Free books The Places In BetweenAuthor Rory Stewart – Gsagency.co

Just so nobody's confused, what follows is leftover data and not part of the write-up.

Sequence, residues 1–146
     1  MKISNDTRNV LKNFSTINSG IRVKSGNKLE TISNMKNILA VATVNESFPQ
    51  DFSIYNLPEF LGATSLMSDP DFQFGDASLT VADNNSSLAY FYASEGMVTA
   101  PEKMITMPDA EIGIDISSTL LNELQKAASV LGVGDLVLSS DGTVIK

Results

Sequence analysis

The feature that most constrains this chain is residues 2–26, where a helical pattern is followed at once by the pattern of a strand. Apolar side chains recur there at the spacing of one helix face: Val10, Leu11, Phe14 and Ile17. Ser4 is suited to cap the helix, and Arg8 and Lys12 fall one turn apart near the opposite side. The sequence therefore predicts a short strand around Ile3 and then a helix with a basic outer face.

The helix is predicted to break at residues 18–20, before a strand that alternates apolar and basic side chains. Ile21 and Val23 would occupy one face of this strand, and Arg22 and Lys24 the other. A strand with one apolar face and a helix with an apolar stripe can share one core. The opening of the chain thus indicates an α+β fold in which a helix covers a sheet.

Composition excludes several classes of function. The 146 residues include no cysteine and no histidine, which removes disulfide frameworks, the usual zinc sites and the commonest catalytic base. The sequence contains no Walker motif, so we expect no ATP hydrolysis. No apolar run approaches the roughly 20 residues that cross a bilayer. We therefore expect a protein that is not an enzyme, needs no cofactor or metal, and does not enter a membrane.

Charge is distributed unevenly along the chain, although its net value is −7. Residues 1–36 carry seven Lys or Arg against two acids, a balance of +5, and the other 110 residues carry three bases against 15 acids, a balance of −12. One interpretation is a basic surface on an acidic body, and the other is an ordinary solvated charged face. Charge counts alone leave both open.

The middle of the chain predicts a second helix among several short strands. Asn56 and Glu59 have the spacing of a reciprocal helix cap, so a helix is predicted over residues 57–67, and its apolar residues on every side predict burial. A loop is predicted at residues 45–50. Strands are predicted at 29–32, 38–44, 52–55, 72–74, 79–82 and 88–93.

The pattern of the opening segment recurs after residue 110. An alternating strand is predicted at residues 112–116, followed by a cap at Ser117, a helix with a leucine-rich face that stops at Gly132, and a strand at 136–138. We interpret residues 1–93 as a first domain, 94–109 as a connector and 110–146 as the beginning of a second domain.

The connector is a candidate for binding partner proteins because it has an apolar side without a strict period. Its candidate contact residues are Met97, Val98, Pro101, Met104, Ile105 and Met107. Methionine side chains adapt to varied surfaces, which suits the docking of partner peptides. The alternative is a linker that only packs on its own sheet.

It is what it is a guy walks across Afghanistan What do you think happens A he encounters very poor and poorly educated tribal feudal lords B he encounters hostile, backward, cruel teens and militia and former soldiersC he walks 25 miles a day with not much to describe rural Afghanistan is rural for a reasonD all of the aboveD, of course D Well, at one point he does get a dog Now Rory can describe how Babur likes to sniff and pee and roll in snow.I give Rory some credit for what he chooses to leave out complaints he is quite cheerful about what must have been bitter cold and about eating food that can t have been savory, about going hungry, and the lack of graciousness he encounters and the genteel way he describes unsavory life realities his dysentery, the lack of hygiene of his hosts Toward the end of the book he bemoans that he hasn t gotten to understand the Hazara very well one of the four ethnic groups in Afghanistan I don t think that was a fair whine his practice was to come to a village at dusk, stay one night, and head out in the morning, hardly conducive to sociological study His goal was never to understand the Afghans by hanging with them it was to walk across Afghanistan, a huge, formidable, mostly unfertile land, one of the world s poorest Mission accomplished But I find people interesting than both goals and landscapes I wish Rory did, too. Graham borrowed my copy and didn t return it Graham is a friend from the pub He s retired and he often forgets many things I bet he forgot he borrowed The Places In Between The arrogance of the Westerner is on full display in this romp just after the NATO Northern Alliance victory over the Taliban in 2001 Rory has a dog and the pair walk around Rory finds many of the locals lazy or selfish These same locals routinely give him food and shelter, this in the aftermath of an invasion It is dumb luck that Rory wasn t stoned to death for being an insensitive ass Rory s dog died, though to be clear he wasn t stoned by locals either He later went to walk in Iraq Poor Rory.Graham, you may as well keep my copy. I am in total awe of this author whew to say the least This is his account of his walk across the length of Afghanistan in 2002, right after 9 11 Need I say He s not a perfect writer, not a perfect audio narrator facts which make his tale all the compelling. Rory Stewart walks across most of Afghanistan I had high hopes for this book Unfortunately, Stewart s total disrespect for the customs of the people he meets along the way interfered with any enjoyment I might find in the story of his journey.He feels a sense of entitlement towards their hospitality He expects to show up and be provided with the best accommodations and the best food That he does this in an area where people often have a difficult time feeding themselves is irresponsible Stewart is aware that dogs are offensive to most Afghans, but he simply doesn t care Even in canine loving cultures, showing up with a large dog and expecting your hosts to accommodate it is nothing less than insensitive His walk is self indulgent Not only does he put himself at risk, he also knows that the tradition of hospitality will require some Afghans to undertake the same cold and dangerous conditions, despite the fact that these individuals will have to walk back to their villages and they do not possess proper footwear It was interesting to read this after recently finishing Three Cups of Tea Stewart and Mortenson are complete opposites Mortenson is a doer and clearly passionate and respectful of those he encounters Stewart is a critical, judgmental chronicler.I also got a little annoyed with his final high and mighty bit not accepting a ride for the last 71 km to Kabul as dangerous as it might be, because I could not explain why I was determined to walk every step of the way I did not feel I could give up so close to my goal Yet somehow he conveniently forgets that his goal of connecting his walks across Iran and Pakistan, as stated in the preface, has gaps from at least the Iranian border to Herat in the west and Kabul to the Pakistani border On a stylistic note, his frequent use of lengthy footnotes is annoying Since he s inconsistent about using them to expand on the historical context of his walk, they appear to be the result of lazy writing and poor editing. In January Rory Stewart Walked Across Afghanistan Surviving By His Wits, His Knowledge Of Persian Dialects And Muslim Customs, And The Kindness Of Strangers By Day He Passed Through Mountains Covered In Nine Feet Of Snow, Hamlets Burned And Emptied By The Taliban, And Communities Thriving Amid The Remains Of Medieval Civilizations By Night He Slept On Villagers Floors, Shared Their Meals, And Listened To Their Stories Of The Recent And Ancient Past Along The Way Stewart Met Heroes And Rogues, Tribal Elders And Teenage Soldiers, Taliban Commanders And Foreign Aid Workers He Was Also Adopted By An Unexpected Companion A Retired Fighting Mastiff He Named Babur In Honor Of Afghanistan S First Mughal Emperor, In Whose Footsteps The Pair Was Following Through These Encounters By Turns Touching, Confounding, Surprising, And Funny Stewart Makes Tangible The Forces Of Tradition, Ideology, And Allegiance That Shape Life In The Map S Countless Places In Between Just weeks after the fall of the Taliban in January of 2002 Scotsman Rory Stewart began a walk across central Afghanistan in the footsteps of Moghul conqueror Emperor Babur and along parts of the legendary Silk Road, from Herat to Kabul He d find himself in the course of twenty one months encountering Sunni Kurds, Shia Hazala, Punjabi Christians, Sikhs, Kedarnath Brahmins, Garhwal Dalits, and Newari Buddhists He said he wanted to explore the place in between the deserts and the Himalayas, between Persian, Hellenic, and Hindu culture, between Islam and Buddhism, between mystical and militant Islam He described Afghanistan as a society that was an unpredictable composite of etiquette, humor, and extreme brutality And he conveys all that in a way that only someone having taken such a journey, taken step by step, burning shoe leather, could have given us This didn t impress me much at first, when he begins it I wasn t hearing much about Afghanistan I didn t know But certainly by the time I got a third way through I was much impressed He had a gift for vividly describing the people and the landscape I have to admit, I found heart breaking to read how dogs are treated in Afghanistan It s said Muhammad once cut off part of his own garment rather than disturb a sleeping cat Unfortunately, he didn t feel equal affection for dogs, and they re religiously polluting They re not pets, and they re never petted A quarter of the way in his journey Stewart has a toothless mastiff pressed upon him by a villager and he named him Babur The evidence of past abuse could be seen in missing ears and tail, and someone told Stewart the dog was missing teeth because they d been knocked out by a boy with rocks Stewart found the dog a faithful companion and said he d call him beautiful, wise, and friendly but that an Afghan, though he might use such terms to describe a horse or hawk would never use it to describe a dog.Then there was how Afghanistan s precious historical and cultural legacy was being destroyed I think many Westerners certainly know about how the Taliban dynamited the giant Bamiyan Buddha statues over a millennium old because they considered them idols Just as profound a loss is discovered by Stewart in his travels There is a legendary lost city, the Turquoise Mountain of the pre Moghul Ghorid Empire Archeologists couldn t find it but when passing through the area, Stewart had found villagers who had, and were looting artifacts with no care for the archeological context or the damage they were doing to the site, selling the priceless wares for the equivalent of a couple of dollars on the black market This is what he tells us about his discussion with the villagers about the lost cityIt was destroyed twice, Bushire added, once by hailstones and once by Genghis Three times, I said You re destroying what remained They all laughed.Many a time I wished George W Bush and Tony Blair could have taken that journey with Stewart and learned the lessons he did He gives you a sense of the complexity and diversity of the culture and of Islam and just how ludicrous and ignorant were the assumptions and goals imposed on the country by the invading Westerners I certainly know that, especially as a woman, this wasn t a journey I could have personally taken, so I felt all the privileged to look over Rory Stewart s shoulder as he took the journey across Afghanistan. Stewart is an upper class Brit who sustains the English tradition of adventurism He has worked in Iraq and done other things I cannot recall here and in this book he tells of his walk across Afghanistan It was an interesting tale, one in which he offers a picture of what life is like for many of the locals It is not a happy existence, having to survive on land that is not very productive, at the edge of poverty for a lifetime, subject to the whims of the local warlords and bandits One thing that stood out was the widespread activities of the Taliban, the degree of their atrocities, the thousands they had killed and how pervasive was their effect They terrorized the nation What was also notable, sadly, was how many of the people Stewart encountered had been members and even officials when it had been profitable to be a Taliban One heart wrenching piece here was Stewart s adopting a very large, old, and run down dog, who became his travel companion and who he wanted to take home with him to Scotland Stewart comes from the moneyed and connected class, having gone to school with Tony Blair s kid, yet he does not come across as full of himself or at all arrogant Britain seems to produce adventurers and outdoorsmen as a normal part of their popular strain Stewart is clearly a full fledged member of that fraternity, carrying on a rich tradition He would have gotten along swimmingly with Rudyard Kipling The book is not wonderful It drags at times Stewart is a competent but not exceptional writer But there is the richness of his enterprise here, and I expect that we will be hearing plenty from Mister Stewart before he is done. Excellent especially to read while I was working in Afghanistan Good guy in real life too. I m not quite sure how to classify this book It s not exactly a travel book, nor is it current affairs So perhaps I m not judging fairly by seeing it air on the side of travel than any other genre Anyway, a good travel book, in my opinion, should make you vaguely want to go to a place Even if it s a wretched journey as in In the Heart of Borneo by Redmond O Hanlon Even if the trip is perhaps beyond your financial or physical means Even if you know what s being described on the page no longer exists or has changed beyond recognition as with Norman Lewis s books about Southeast Asia You should want to experience a place for yourself.Before reading this book, I had absolutely no desire to go to Afghanistan And after reading this book, I had absolutely no desire to go to Afghanistan My husband declared that he wanted to go and report in Afghanistan after he finished reading The Places in Between, and I had to admit to him that I was really puzzled by his response But the book seems to be a series of scenes where Stewart is sitting in a dark, oppressive room with a bunch of taciturn men with beards, I said Interrupted by periods of extreme cold and bouts of diarrhea The people or rather, the men, because women barely make an appearance no fault of Stewart s are either truculent or devious or simply backwards The food is basically hunks of greasy mutton or, often than not, nan like bread on its own And the landscape is snowy and bare Or snowy and blighted Or just plain snowy.The writing, too, wasn t spectacular Plain to the point of dullness A lot of I did this and I felt that But then again, given his general isolation, perhaps that s also not entirely his fault.So, again, I m puzzled A lot of people whose opinion I highly esteem rate this book quite highly What is it that I m missing Or were they just taken by the single mindedness of the journey I found out about this charater from a magazine article at the time of the book s release A scotsman who, for a variety of personal reasons not really revealed a nice change of privacy in this world begins walking across Afgahnistan.He intersperses historical entries of a previous walker conquerer between tales of hospitality and snow and destruction of antiquities.I don t imagine I will ever have the opportunity to go to the places he writes about So much of it was unfamiliar that the read was astonishing for that alone.But for all the political sensitivies he ably writes about and exhibitsI can t escape a certain irritating ballsiness of enitlement He embarks on this journey PLANNING to rely on the proverbial kindness of strangers because that is an Islanmic cultural and religious value And really, since he succeeds in his journey, he is evidence of an astonishing degree of hospitality and generosity He says this too, but I cannot imagine anyone walking across America, or Scotland for that matter, who would believe that he was entitled to expect food, shelter and assistance because he asked for it I guess I am flummoxed by his concept of need Kindness to strangers has it roots in fear that the strangers might be gods or their messengers alongside the pragmatic need that strangers in a strange land might need assistance.But to plan a trip just because people will, presumably, shelter you It just seems somehow to take advantage of something that you can never repay.All that being said, I am utterly in awe of man who walks with himself That is worthy of a journey Quite a read And quite a humbling recognition of a world we are destroying that has been destroyed many times over time.